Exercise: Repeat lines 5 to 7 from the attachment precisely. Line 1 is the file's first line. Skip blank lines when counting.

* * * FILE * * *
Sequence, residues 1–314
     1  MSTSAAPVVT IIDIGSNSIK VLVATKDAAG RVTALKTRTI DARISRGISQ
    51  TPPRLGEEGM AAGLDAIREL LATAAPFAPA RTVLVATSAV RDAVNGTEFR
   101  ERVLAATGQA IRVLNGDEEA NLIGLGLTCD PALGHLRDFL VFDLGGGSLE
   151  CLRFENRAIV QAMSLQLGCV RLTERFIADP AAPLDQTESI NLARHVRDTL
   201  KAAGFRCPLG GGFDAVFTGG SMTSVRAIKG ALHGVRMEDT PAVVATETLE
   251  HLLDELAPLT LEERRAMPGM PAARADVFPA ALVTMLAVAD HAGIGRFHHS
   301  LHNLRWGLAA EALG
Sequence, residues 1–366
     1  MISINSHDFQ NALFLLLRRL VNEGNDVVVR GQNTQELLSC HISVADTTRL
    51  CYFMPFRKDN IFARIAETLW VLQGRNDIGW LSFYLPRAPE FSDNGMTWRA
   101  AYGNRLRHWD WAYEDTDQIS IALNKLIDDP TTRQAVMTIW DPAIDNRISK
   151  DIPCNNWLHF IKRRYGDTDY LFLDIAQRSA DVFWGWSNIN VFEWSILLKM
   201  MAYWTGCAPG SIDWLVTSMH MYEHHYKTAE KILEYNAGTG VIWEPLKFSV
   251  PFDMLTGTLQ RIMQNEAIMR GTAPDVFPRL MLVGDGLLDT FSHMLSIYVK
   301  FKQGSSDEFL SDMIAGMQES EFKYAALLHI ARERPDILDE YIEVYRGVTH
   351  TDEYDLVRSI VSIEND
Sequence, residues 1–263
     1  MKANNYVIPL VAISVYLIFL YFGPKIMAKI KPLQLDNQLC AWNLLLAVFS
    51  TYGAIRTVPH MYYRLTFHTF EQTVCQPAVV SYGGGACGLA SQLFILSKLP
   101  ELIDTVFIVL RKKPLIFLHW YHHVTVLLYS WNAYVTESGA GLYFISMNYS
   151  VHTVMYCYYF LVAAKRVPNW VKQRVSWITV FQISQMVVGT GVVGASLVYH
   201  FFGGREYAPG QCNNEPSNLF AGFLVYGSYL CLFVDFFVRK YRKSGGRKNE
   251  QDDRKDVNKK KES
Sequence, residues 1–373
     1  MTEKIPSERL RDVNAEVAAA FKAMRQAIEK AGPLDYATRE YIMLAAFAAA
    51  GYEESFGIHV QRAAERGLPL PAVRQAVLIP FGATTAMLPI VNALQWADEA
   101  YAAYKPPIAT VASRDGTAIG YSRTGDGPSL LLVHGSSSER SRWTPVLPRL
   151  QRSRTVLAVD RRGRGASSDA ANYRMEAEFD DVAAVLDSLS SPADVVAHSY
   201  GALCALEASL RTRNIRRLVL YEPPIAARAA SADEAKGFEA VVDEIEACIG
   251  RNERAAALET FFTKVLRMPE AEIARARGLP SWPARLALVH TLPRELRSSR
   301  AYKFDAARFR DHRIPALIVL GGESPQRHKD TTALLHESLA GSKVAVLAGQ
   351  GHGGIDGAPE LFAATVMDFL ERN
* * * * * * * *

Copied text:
   151  CLRFENRAIV QAMSLQLGCV RLTERFIADP AAPLDQTESI NLARHVRDTL
   201  KAAGFRCPLG GGFDAVFTGG SMTSVRAIKG ALHGVRMEDT PAVVATETLE
   251  HLLDELAPLT LEERRAMPGM PAARADVFPA ALVTMLAVAD HAGIGRFHHS